Forest Garden prep

The Forest Garden weekend course kicks off next Friday. I consciously postponed the course to January so that I could implement some of the lessons learned with Rowe Morrow last month. Look out for more fun & games and less lecture, people!

I’m excited to be sharing some of the information I’ve gleaned on my own forest garden journey. I remember wrestling with whether to make the trek to Milkwood, Mudgee, to do the 9 day intensive with Dave Jacke in 2013. So glad I did! That started a series of explorations that included going to the ‘States the next year to do a teacher training course with Dave (in Tennessee no less!) and touring various gardens in the US as part of that trip, then going to the UK for six weeks in 2017, which included courses with Martin Crawford and visits to many more gardens.

Chestnut Farm Cottage Garden
Graham Bell’s garden, Coldstream
Martin Crawford’s garden, Devon
Chestnut Farm forest garden planting 2016
Chestnut Farm forest garden late 2018 – still developing but a lot of the key plants thriving

Robert Hart quote

On the train to Melbourne and back yesterday I was re-reading Robert Hart’s 1996 book “Forest Gardening” and here’s a nice reminder from Robert:

“A forest garden is not a static thing, it is a complex living organism which means a developing organism; it changes from year to year, even from day to day.  I would urge anyone who starts a forest garden to adopt a creative attitude towards it; to learn and observe; to study and do research.  Humankind has an enormous amount to learn about plants, above all about their relationships between each other, and the amateur can make as important discoveries by observation and experiment as can the trained scientist with his disciplines and instruments. ”  (p 149)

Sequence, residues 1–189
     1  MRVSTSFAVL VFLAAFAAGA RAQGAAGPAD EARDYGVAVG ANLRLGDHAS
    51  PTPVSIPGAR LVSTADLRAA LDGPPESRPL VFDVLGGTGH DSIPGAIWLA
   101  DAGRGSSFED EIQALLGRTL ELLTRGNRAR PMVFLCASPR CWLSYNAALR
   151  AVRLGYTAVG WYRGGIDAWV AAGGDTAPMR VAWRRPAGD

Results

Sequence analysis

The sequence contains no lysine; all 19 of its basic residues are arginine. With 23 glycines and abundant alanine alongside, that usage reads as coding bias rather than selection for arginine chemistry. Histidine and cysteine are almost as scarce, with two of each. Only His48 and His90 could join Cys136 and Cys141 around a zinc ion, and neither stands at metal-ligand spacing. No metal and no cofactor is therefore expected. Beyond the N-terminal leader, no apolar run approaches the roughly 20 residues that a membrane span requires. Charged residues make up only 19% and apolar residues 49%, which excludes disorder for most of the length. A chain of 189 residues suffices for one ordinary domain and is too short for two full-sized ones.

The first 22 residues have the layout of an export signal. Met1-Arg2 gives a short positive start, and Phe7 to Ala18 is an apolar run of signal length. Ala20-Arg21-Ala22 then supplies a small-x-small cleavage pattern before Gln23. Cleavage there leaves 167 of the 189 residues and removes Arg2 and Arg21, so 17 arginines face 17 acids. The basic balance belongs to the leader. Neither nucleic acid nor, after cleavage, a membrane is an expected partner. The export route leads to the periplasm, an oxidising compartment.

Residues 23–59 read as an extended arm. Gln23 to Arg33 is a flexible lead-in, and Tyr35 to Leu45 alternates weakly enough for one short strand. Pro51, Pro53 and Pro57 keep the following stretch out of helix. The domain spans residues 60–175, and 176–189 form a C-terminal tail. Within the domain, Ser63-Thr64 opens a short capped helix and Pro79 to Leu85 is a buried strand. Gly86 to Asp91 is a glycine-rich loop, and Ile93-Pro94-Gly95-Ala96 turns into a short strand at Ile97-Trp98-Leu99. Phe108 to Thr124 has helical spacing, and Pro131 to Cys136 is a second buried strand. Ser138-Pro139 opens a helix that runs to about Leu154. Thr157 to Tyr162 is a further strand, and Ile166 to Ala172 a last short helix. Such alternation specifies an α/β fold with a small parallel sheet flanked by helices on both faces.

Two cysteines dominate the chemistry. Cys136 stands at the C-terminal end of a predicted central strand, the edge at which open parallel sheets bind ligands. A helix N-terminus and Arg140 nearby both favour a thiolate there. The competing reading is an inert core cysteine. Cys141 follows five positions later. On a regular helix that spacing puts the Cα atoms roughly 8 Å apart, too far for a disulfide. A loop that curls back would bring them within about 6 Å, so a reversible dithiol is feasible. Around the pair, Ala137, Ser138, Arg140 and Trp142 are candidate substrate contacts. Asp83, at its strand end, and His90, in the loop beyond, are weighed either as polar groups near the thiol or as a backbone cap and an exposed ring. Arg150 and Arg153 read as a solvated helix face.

Observations?  The first forest garden patch here at Chestnut Farm was planted during the Forest Garden Design Intensive with Dave Jacke in 2016.  Within months it was subjected to the wettest Winter in memory, which caused an eruption of fungi to burst out of the cardboard we’d used to sheet mulch – smothering many of the tubestock seedlings.  The expensive Australian native groundcovers hated the enriched soil we used around the fruit trees, but exotic grasses loved it and invaded happily.   One rare plant was repeatedly browsed by possums until it succumbed and returned no more. Whoops!

Some of our hardier plantings, including sea kale, dwarf comfrey, black currants, rhubarb, balm of gilead, lemon balm and various alliums all survived.  Once the grass was removed last month, it was relief to see the bare bones of a forest garden remained!

Experiments?  Keeping in mind Martin Crawford’s entreaty that the ground cover layer is the most important, we wanted to get stuff growing in the gaps between the surviving plants, so have planted different seedlings we have right now: particularly amaranth and Daubenton’s kale.  I confess it might be better to have a little more discipline with our experiments, so we’re chasing some more of the groundcovers and we’re even going to try some of those Nitrogen-fixing Aussie natives again!